9 Must See Temples of Bali

by Rosemarie John on June 20, 2012

Besakih Temple

Built in the 11th Century, Besakih is the largest and most important temple on the island. With over 22 structures in its complex, the temple sits on the slopes of Mt. Agung, a stratovolcano and is home to the Trinity shrines dedicated to the Gods Shiva (the destroyer), Brahma (the creator) and Vishnu (the supreme God).

Uluwatu Temple

Located on a cliff, above the smashing waves of the Indian Ocean, Uluwatu was founded by a Javanese Hindu priest in the 10th Century. Dedicated to the God of Elements called Bhatara Rudra, the temple is famous for its breath-taking sunset, accompanied daily by 100 male dancers performing the Ramayana Monkey Chant in perfect unison.

Thirtha Empul Temple

With sacred springs and pools of purification, Thirtha Empul‘s water is said to be holy and have magical healing elements. Founded in the 10th Century and believed to be a creation of Lord Indra, the God of rainfall, its streams and waterfalls are said to represent the Ganges of India.

Tanah Lot Temple

As one of Bali’s most important sea temples, Tanah Lot‘s ancient rituals pay homage to the guardian spirits of the sea. Built in the 15th Century by the last Hindu priest to visit the island, it’s famous for its scarlet sunset and is considered the most photographed temple on the island.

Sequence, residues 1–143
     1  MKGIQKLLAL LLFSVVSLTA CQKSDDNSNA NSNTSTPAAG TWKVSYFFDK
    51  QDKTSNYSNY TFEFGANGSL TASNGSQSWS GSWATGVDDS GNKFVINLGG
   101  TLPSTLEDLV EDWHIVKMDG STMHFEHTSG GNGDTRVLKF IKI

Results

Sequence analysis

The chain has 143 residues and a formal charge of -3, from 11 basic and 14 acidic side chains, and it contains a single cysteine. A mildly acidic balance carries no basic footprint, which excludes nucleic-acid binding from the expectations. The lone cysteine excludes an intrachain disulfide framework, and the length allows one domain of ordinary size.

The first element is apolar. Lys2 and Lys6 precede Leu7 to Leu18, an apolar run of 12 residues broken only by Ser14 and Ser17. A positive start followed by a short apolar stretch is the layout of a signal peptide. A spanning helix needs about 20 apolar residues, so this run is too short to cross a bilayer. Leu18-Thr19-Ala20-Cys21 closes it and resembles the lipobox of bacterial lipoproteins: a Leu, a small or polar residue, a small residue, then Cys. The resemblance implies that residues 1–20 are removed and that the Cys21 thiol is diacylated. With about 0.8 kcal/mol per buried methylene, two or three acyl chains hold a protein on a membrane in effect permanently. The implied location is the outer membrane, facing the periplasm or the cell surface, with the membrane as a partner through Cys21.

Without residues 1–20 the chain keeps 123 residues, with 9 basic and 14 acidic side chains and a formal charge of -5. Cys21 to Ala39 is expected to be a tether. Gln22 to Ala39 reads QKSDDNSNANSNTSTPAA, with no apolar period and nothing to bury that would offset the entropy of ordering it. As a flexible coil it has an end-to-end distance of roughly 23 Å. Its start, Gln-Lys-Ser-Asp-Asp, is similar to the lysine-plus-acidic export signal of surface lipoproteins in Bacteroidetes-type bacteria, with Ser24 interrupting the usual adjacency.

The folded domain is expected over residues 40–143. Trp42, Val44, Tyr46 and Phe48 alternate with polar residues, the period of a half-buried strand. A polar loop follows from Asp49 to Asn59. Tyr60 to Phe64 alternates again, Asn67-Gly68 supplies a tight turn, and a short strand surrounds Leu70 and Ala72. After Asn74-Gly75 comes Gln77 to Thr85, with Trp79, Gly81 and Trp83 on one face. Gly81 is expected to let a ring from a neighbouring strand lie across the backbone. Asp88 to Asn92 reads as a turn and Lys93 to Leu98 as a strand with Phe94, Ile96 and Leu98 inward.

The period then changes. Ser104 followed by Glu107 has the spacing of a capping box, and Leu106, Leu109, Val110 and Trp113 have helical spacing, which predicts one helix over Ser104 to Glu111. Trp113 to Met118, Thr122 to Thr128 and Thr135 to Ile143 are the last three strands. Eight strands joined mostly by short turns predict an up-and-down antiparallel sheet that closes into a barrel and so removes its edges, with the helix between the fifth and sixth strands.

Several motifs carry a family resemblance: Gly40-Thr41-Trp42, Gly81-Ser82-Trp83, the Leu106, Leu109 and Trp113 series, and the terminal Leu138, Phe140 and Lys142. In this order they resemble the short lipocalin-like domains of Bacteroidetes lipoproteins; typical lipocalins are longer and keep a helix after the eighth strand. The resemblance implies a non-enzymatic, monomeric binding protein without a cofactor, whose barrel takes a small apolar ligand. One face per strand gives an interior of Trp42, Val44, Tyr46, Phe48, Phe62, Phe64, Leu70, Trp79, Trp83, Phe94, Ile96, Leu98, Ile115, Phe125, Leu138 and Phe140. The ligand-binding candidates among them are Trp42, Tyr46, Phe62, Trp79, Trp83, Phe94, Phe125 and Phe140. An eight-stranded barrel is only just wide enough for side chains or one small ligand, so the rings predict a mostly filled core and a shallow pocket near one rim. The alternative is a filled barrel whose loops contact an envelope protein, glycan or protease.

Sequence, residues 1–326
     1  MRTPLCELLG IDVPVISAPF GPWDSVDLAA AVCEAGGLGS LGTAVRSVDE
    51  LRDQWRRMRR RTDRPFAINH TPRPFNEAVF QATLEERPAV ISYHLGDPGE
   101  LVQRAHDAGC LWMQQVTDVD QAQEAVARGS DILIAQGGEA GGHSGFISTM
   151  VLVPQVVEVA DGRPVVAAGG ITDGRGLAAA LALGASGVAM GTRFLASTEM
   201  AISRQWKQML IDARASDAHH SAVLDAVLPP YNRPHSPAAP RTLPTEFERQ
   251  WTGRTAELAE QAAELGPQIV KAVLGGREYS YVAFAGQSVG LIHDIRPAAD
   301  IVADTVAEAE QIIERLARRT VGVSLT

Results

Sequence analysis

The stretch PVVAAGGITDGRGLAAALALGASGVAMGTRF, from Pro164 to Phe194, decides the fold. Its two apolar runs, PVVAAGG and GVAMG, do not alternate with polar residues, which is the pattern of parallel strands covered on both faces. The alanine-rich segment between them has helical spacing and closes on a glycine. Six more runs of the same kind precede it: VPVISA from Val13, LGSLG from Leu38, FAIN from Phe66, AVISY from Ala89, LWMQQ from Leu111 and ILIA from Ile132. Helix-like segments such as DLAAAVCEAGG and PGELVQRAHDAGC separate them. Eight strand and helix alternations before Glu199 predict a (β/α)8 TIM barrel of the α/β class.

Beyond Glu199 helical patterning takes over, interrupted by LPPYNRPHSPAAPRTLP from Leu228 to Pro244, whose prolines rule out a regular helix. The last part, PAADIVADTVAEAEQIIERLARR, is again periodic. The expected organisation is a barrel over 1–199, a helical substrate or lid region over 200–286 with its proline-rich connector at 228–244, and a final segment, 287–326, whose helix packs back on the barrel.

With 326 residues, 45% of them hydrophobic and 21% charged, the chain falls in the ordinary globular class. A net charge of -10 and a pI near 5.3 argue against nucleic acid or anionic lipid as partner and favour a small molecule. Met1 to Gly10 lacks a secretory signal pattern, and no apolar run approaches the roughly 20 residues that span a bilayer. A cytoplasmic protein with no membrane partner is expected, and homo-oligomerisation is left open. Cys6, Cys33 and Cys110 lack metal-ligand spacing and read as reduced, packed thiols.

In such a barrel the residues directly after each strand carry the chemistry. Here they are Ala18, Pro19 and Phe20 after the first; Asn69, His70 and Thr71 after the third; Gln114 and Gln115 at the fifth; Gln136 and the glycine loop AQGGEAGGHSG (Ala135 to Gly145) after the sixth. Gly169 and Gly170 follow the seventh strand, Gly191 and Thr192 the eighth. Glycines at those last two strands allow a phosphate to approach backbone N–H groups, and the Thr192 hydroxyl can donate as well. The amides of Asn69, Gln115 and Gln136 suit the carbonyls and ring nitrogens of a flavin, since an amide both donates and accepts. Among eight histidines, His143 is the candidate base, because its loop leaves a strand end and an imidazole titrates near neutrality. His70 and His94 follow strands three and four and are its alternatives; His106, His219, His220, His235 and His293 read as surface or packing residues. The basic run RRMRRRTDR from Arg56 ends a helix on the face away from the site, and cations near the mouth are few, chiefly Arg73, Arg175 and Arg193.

Ulun Danu Temple

Rising out of Lake Bratan, Ulun Danu was founded in the 17th Century and is dedicated to the Goddess of the Water, the patron of fertility and prosperity. With a mixed Hindu and Buddhist architecture, the temple resides in a crater formed by a volcanic eruption 30,000 years ago.

Goa Lawah Temple

Located at the foot of rocky cliffs and said to extend all the way to the base of Mt. Agung, this mystical cave temple is home to thousands of fruit bats and the legendary dragon, Basuki. Built in the 11th Century, it’s a must visit site, particularly focused on religious rites associated with death.

Lempuyang Temple

Known as the dragon temple, Lempuyang is Bali’s most remote mountain shrine located on a summit accessed through a stairway of 1,700 steps. Also, abode of Lord Iswara, it is famous for sacred holy water that is retrieved from a yellow bamboo plant that grows within the temple’s inner courtyard.

Gunung Kawi Temple

Standing 12 feet (7m) high in a complex of pavilions are 10 shrines carved into a rocky cliff face approximately 10 miles (17 km) north east of Ubud. Constructed along a river in the 10th Century, the monuments are thought to be dedicated to King Anak Wungsu and his favourite queens of the Udayana dynasty.

Rambut Siwi Temple

The most visually stunning temple in Bali, Rambut Siwi sits above a cliff, overlooking the Indian Ocean and is guarded by statues of wild boars and dragons. Built in honour of the Javanese priest Nirartha of the Majapahit empire, it is dedicated to the Goddess of Knowledge, Saraswati and the Rice Goddess Sri.

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